Early Tuesday a massive 7.9 magnitude earthquake struck off of Alaska’s Kodiak Island, alerting authorities and putting the entire West Coast on high alert for a possible tsunami.
Buoy 46410, northeast of the quake’s epicenter, recorded a “water displacement” of 32 feet, according to Fox News. The National Weather Service reported that the wave was projected to reach Kodiak, Alaska in about an hour after the initial earthquake.
So far, there have not been any reports of a wave, according to Lieutenant Tim Putney of the Kodiak Police Department. Still, authorities have issued a command that residents along the west coast flee to land 100 feet above sea level.
“This is a very large earthquake, and Alaska is no stranger to earthquakes or tsunamis,” said Janice Dean, Fox News’ Senior Meteorologist on “Fox & Friends.” “They’ve had four of them in the past.”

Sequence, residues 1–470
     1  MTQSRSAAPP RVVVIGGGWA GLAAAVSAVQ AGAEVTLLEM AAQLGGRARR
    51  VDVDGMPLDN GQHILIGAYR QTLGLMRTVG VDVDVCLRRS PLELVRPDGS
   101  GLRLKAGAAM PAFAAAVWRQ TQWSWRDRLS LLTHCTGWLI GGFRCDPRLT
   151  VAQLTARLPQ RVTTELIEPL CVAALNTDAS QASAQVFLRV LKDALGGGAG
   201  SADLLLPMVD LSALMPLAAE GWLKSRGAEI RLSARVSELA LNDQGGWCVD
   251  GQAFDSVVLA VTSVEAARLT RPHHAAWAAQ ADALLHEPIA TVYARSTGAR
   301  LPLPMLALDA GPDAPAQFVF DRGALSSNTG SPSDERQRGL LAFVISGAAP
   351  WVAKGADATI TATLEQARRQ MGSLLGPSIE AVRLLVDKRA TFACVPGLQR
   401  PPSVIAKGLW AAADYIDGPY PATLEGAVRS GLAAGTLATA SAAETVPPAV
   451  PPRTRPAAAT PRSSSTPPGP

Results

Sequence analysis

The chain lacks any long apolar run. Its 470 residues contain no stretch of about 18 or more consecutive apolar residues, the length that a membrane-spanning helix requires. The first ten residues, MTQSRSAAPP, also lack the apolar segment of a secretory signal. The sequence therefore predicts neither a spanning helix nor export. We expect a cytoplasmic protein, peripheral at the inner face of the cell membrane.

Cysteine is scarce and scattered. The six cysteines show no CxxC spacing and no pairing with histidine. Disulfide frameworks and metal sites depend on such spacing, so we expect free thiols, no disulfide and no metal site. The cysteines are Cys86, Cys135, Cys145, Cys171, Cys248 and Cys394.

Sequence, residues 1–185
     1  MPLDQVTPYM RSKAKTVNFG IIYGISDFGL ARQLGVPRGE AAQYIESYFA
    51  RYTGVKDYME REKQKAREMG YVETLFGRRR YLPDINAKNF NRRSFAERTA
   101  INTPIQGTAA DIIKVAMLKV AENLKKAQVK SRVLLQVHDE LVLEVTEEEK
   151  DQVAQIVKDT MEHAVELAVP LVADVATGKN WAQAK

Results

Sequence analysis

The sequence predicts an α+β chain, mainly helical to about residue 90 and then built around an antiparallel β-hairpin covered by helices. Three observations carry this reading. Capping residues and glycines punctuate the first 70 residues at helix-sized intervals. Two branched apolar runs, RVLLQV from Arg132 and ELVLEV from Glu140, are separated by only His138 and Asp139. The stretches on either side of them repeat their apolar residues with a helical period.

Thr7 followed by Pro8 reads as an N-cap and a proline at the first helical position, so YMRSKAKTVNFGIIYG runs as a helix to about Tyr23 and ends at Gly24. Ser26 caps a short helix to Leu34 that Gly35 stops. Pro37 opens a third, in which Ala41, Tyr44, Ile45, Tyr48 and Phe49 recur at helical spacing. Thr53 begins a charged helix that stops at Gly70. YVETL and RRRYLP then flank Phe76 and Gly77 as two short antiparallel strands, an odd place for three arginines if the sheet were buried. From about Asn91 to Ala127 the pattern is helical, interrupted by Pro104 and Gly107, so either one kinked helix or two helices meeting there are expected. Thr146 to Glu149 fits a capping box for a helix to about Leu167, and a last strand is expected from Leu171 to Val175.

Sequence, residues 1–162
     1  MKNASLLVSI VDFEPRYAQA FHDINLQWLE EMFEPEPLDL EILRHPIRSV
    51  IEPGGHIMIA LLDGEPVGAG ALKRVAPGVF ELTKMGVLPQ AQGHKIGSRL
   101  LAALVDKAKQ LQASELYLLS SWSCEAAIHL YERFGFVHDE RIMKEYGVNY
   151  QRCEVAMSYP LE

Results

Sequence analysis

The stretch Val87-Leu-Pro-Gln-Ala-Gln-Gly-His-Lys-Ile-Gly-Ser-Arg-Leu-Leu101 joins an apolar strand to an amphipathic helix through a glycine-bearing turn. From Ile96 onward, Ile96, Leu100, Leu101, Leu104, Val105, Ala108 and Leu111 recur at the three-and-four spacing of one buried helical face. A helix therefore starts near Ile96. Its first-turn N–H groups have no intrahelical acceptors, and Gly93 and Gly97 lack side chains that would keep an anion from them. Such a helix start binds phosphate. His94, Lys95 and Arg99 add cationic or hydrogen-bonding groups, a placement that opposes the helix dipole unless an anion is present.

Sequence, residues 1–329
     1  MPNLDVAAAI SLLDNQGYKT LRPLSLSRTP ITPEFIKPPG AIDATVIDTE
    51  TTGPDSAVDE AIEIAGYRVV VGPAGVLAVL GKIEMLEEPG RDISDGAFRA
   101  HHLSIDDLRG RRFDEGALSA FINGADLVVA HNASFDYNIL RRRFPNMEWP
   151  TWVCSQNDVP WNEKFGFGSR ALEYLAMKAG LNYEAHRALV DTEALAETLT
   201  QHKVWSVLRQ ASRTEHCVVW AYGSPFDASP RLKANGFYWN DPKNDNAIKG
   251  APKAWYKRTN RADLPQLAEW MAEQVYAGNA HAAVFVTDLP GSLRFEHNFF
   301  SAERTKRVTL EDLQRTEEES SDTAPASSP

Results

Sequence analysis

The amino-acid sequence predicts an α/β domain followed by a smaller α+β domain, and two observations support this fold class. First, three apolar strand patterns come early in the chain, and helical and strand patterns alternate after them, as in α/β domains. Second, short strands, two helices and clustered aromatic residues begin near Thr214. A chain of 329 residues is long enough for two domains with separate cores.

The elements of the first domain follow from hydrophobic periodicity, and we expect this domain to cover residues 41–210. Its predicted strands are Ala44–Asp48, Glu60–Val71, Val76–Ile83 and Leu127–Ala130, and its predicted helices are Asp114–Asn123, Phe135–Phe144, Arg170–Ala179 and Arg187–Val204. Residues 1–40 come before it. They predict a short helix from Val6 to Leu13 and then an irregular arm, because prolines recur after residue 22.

Though initial reports indicate that a wave has not hit any mainland areas, authorities are taking every precaution to ensure that residents are aware of the danger. The Kodiak Police and Anchorage Office of Emergency Management have urged residents to move to higher ground.
“This is not a drill,” said Kodiak Police Sergeant Derek Beaver. “This is an actual tsunami warning. Everyone please get at least 100 feet above sea level.”
The Anchorage Office of Emergency Management said, “If you are located in this coastal area, move inland to higher ground. “Tsunami warnings mean that a tsunami with significant inundation is possible or is already occurring. Tsunamis are a series of waves dangerous many hours after initial arrival time. The first wave may not be the largest.”
Please pray for the safety of residents in the areas affected by the tsunami. In recent news, a music legend ended his tour early due to a recent medical diagnosis.